new BMW M135
new BMW M135
new BMW M135
new BMW M135

My favourite design feature of the new model is hidden in plain sight by the rear doors: a number 1 that is pressed into the black trim. The side profile is almost unchanged, but the front has had more than just a light nip and tuck. New LED lights in a slimmer cluster feature twin vertical running lights which bear a striking resemblance to those found on the current Kia Ceed. That, to me, is not such a bad thing as it makes a change from the nondescript horizontal running lights that are commonplace in this segment.

The bumper has been totally redesigned and now features downturned, rather than upturned edges. The difference in wording may be slight, but having the widest part of the grille at the bottom rather than the top makes the new car look more focussed than before. The kidney grille has been slightly reduced in size and now features horizontal slats. Both upper and lower grilles are finished in black to match the rest of the new M135’s exterior trim.

There have been tweaks aplenty inside too, with the car gaining the 9th generation of BMW’s iDrive infotainment and the curved twin-screen display that is steadily making its way across the entire model range. Being a new car that is going on sale in 2024, the displays are home to the air conditioning controls as well. The screens sit above a new backlit trim element that carries the colours of the M stripes. Three lines of stitching on the dashboard carry the same three colours and the optional M Sports seats even gain an illuminated M badge just below the headrest. Overall, the cabin looks like it will be a nice place to spend some time, especially when manually selecting each of the car’s 7 gears using the steering wheel-mounted paddles.

new BMW M135
new BMW M135

The new BMW M135 is on sale now with prices beginning at £43,600 and deliveries set to begin in October. Standard equipment for the UK has been confirmed already and includes heated front seats, the Harman Kardon surround sound system, rear privacy glass and traffic sign assist among other things. This can quickly rise with the addition of packages and individual options. A Ken-Spec M135 without every single option box ticked comes to £48,990. Split folding rear seats make up £175 of that price, amazingly.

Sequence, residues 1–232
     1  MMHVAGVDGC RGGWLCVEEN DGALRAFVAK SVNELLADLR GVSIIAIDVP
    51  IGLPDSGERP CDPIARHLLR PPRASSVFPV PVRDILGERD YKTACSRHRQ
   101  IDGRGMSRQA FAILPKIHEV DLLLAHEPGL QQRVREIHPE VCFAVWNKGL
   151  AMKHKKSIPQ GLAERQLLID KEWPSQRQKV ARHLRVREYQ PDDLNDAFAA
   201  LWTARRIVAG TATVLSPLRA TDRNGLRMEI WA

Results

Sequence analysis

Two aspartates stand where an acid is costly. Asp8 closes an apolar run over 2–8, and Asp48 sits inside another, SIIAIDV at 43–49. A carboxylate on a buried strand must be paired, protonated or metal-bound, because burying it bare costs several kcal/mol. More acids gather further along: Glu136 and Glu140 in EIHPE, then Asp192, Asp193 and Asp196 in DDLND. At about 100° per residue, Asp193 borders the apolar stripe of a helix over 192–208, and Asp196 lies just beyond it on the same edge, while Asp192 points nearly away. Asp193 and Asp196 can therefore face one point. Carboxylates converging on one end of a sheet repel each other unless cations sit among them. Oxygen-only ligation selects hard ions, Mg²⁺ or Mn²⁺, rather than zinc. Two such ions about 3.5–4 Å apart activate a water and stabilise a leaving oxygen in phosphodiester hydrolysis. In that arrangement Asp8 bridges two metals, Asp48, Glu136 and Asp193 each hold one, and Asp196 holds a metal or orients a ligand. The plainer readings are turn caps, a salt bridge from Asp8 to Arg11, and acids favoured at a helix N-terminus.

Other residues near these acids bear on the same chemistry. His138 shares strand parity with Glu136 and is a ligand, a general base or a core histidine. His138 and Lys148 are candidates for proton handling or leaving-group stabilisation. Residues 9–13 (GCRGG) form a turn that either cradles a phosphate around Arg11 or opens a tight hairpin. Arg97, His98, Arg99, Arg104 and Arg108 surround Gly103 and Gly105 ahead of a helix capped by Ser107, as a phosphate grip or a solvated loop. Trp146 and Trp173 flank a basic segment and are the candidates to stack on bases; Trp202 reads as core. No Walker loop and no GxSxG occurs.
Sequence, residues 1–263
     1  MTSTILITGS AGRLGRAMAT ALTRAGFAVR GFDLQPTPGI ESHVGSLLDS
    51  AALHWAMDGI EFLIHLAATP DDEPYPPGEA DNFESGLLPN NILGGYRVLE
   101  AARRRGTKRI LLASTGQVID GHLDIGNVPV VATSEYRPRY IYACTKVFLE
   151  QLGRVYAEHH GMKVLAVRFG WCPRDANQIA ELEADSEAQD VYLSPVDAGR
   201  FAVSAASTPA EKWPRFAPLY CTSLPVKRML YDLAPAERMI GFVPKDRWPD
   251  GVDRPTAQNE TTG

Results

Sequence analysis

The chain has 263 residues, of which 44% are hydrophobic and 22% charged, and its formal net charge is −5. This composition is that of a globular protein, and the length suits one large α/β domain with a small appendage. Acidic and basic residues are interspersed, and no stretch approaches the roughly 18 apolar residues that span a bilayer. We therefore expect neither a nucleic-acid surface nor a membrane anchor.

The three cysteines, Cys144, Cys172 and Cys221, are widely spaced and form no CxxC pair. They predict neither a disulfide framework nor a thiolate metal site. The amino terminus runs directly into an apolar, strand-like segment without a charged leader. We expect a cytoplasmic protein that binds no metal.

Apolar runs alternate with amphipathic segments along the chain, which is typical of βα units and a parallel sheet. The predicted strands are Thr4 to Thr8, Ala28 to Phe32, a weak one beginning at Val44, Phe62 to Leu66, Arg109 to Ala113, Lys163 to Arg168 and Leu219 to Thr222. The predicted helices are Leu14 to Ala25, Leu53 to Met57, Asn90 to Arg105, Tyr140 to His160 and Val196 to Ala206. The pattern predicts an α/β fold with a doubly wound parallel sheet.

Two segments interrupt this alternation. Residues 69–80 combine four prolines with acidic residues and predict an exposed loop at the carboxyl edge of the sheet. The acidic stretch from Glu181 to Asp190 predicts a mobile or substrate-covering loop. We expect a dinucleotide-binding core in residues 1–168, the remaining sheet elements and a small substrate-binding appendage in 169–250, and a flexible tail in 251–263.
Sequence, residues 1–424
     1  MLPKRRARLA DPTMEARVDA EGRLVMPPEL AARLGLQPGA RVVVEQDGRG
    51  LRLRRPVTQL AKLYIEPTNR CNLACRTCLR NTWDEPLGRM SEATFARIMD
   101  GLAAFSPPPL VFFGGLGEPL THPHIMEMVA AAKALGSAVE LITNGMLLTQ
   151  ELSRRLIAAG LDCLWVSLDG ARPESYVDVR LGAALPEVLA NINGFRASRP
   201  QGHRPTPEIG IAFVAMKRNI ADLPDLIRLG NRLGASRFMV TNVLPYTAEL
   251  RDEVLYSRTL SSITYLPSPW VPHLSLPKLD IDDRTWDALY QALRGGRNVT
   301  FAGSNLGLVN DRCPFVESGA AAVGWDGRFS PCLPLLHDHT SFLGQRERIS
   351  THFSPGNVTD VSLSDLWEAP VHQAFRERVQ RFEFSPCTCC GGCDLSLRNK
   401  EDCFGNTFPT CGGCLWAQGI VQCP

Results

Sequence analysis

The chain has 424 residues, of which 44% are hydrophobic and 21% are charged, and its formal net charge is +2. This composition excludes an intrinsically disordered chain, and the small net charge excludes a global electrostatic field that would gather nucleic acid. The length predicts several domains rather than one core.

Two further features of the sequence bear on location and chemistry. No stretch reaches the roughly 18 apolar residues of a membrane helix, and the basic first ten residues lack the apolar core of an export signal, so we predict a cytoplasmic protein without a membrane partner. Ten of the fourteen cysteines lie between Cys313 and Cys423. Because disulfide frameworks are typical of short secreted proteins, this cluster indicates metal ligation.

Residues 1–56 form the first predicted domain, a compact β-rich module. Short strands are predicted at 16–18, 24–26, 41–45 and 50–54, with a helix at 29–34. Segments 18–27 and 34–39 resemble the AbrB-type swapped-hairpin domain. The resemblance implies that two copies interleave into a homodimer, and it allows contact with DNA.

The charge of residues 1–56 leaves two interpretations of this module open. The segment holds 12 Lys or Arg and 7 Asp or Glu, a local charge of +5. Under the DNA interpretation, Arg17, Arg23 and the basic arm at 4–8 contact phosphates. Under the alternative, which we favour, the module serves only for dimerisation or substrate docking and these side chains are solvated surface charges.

However, the optional cabin equipment is not as important as what the powertrain has to offer as standard, and that is the go-to hot hatch formula of five seats, four wheel drive, (almost) 300 horsepower and a compact footprint. Will anyone notice the reduction in power and torque in the real world? I’m not so sure, but aren’t BMW renowned for understating their power outputs anyway?

*Disclaimer - red brake callipers do not add 5 bhp each. We all know that red seatbelts do.


Stats: new BMW M135

Engine: 2.0 litre in-line 4-cylinder turbo

Peak power: 296 bhp at 5,750 - 6,500 rpm

Peak torque: 295 lb ft at 2,000 - 4,500 rpm

0 - 62 mph: 4.9 seconds

Top speed: 155 mph (limited)

Kerb weight: 1,625 kg

Gearbox: 7-speed twin-clutch auto

WLTP fuel consumption: 36.7 mpg combined

Fuel tank: 49 litres

Price from: £43,600

On sale: Now